The French work-week is only 35 hours long, protected by French law. When the French do work, they have about two hours off in the middle of the day so they have time to go take those long lunches that they love so much.

The French are also very dedicated to time off. There are many holidays in which the French don’t have to work (I recommend you read up on Bastille Day), and they also receive five weeks of paid vacation time every year

Overall, the French are adamant about their work-life balance, and definitely prioritize their well-being over their workload. 

Popular Culture

Popular culture in France is very similar to that of other Western nations, but there are some distinctions that make France unique.

For starters, France has a historic and modern love for les beaux arts (the beautiful arts). This includes visual art as well as performative art such as the theatre and the orchestra.

A different type of art, French literature is famous for its beautiful prose and different outlooks on life and love. Even texts that are hundreds of years old are still read by the French on a daily basis. Modern literature also holds a place of importance as French authors continue to earn awards for their skillful writings.

France also has a long history of cinema, being one of the first countries to produce films. France hosts famous film festivals such as the Festival de Cannes (Festival of Cannes), which draws thousands of attendees worldwide every year. 

Like film, French music has been a huge influence on the world. Many French musicians are still listened to today, ranging from classical composers to historic and modern pop musicians such as Édith Piaf, David Guetta and Stromae.

As expected, the internet also contributes sizeably to modern French culture. The French are avid social media users, often sharing memes and posts related to French-speaking cultures. 

Why Learn French?

Aside from the fact that French is a beautiful and complex language, there are also many practical reasons to learn French.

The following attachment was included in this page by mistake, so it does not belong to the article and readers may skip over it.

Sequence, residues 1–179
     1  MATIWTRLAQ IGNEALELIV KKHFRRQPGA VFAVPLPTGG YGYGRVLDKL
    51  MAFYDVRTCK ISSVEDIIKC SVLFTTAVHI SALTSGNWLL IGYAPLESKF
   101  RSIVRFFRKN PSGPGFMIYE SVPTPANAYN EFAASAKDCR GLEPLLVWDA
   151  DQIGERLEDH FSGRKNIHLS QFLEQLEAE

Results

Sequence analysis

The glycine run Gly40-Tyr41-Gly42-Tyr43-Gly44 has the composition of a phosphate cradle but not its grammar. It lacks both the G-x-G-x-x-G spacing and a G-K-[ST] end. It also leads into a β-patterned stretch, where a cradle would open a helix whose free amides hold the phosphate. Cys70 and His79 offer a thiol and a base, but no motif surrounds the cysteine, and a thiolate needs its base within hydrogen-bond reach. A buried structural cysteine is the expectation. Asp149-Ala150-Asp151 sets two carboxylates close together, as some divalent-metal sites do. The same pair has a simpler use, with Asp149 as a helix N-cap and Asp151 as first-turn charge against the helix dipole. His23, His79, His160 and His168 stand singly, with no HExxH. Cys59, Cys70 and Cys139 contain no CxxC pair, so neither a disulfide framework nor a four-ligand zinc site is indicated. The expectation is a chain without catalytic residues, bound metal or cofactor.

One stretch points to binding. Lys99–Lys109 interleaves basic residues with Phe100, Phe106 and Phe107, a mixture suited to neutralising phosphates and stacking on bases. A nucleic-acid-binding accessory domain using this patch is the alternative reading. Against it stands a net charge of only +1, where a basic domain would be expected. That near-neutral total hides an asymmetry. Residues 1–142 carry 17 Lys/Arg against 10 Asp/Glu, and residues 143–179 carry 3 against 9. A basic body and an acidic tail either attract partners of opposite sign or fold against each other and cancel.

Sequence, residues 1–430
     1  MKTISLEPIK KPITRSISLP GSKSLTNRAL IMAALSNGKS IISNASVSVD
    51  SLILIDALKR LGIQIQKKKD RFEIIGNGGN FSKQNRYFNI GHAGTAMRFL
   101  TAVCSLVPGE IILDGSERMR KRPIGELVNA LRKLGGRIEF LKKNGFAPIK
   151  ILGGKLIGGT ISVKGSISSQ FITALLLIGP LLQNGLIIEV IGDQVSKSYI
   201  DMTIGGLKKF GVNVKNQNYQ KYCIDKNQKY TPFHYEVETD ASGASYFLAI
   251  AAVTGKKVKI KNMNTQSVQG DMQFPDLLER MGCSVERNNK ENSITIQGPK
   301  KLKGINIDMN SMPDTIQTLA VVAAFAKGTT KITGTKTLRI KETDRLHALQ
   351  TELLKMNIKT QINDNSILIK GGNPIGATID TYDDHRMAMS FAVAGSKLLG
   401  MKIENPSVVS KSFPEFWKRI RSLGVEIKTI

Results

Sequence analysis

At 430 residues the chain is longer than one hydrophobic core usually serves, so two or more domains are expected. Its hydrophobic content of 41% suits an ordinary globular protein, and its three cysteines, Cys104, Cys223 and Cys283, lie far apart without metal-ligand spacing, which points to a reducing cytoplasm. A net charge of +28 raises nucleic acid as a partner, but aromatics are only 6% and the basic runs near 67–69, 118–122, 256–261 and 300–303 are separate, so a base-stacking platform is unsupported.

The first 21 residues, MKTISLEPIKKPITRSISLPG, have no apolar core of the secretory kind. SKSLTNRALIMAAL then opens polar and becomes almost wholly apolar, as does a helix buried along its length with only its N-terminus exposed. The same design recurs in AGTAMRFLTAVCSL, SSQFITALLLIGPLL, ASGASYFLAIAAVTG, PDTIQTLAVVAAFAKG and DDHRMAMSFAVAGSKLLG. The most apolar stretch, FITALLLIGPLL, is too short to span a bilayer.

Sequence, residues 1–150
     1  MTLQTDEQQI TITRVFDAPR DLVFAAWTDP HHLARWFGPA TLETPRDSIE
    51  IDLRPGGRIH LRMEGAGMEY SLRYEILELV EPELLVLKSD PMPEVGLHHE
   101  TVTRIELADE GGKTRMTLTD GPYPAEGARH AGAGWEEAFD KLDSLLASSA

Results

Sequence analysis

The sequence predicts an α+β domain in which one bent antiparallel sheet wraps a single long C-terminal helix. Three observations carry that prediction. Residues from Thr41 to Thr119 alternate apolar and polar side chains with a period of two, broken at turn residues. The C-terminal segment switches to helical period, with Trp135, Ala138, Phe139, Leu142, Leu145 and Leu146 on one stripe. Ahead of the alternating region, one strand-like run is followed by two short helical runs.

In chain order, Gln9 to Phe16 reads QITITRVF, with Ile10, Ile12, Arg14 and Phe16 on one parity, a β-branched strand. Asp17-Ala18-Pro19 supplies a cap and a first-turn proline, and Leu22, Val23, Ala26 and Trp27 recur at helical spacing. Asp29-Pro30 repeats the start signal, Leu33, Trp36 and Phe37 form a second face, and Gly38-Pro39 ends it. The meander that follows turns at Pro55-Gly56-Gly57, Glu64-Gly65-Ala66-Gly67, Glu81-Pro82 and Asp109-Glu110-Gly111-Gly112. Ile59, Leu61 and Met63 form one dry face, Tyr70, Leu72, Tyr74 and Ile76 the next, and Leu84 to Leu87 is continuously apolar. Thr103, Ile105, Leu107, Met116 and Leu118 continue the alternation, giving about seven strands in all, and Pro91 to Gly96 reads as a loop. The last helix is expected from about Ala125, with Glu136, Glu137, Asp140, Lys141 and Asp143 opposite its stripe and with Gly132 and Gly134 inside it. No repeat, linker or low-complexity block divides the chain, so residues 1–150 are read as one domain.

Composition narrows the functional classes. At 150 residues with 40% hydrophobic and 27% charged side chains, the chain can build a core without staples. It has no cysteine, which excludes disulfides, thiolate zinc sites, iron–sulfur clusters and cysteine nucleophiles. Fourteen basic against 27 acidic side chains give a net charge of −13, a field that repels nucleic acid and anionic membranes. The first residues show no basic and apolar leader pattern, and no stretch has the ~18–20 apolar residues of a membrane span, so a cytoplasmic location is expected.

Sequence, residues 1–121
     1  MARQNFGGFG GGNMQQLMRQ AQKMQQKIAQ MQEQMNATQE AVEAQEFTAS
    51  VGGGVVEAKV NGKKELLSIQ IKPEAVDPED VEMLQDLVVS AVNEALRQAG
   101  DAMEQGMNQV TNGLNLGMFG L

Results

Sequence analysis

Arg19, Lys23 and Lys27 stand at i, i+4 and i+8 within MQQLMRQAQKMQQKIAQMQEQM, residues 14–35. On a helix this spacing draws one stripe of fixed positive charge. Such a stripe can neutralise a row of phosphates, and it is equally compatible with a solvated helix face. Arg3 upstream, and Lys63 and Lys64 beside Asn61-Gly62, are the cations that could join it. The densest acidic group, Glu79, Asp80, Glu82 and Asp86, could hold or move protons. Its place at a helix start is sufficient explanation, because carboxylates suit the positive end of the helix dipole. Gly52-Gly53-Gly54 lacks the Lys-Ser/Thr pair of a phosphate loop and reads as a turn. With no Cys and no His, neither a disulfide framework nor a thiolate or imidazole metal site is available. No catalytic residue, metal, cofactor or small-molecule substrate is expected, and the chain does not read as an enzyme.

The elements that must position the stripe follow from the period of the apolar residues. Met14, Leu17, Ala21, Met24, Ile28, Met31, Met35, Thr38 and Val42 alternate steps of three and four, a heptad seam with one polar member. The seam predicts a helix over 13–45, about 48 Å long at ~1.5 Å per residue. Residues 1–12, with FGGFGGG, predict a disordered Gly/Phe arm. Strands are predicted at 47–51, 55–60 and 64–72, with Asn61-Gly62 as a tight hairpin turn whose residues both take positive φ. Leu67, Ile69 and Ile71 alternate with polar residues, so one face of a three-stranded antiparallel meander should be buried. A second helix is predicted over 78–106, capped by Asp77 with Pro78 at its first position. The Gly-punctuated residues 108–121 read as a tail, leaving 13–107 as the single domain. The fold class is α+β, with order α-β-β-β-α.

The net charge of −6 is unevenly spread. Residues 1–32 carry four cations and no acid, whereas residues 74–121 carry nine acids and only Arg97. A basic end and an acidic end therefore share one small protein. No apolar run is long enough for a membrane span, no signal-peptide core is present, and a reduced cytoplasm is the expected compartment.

For starters, the sheer number of French speakers around the world holds a great number of professional and academic opportunities.

French speakers are literally all over the world, which paves the way for studying or taking a job in a French-speaking country. In fact, French gives you access to some of the biggest markets in the world: North America, Europe and even Africa, which is seen as the continent with some of the fastest growing economies on Earth.

French also gives you access to the many French cultures around the world. Every single French-speaking country brings its own unique flair to their culture. By speaking French, your knowledge of the world and some of its cultures will grow immensely. 

Knowing French also opens doors for learning other languages as it gives you a basic understanding of how a Romance language works. Because French descended from Latin, it is similar to other languages in the Romance language family such as Italian, Spanish, Portuguese, and (to a lesser extent) Romanian. This is beneficial as you would already have an idea of how vocabulary and grammar works, and will be able to pick up on those languages even faster.

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FAQ About Learning French

Learning French is not always a walk in the park. Here are some answers to commonly asked questions to soothe your nerves.

Which Variety of French Should I Learn?

As a general rule, you should start with Standard French (the dialect based on Metropolitan French) when you are beginning to learn the language.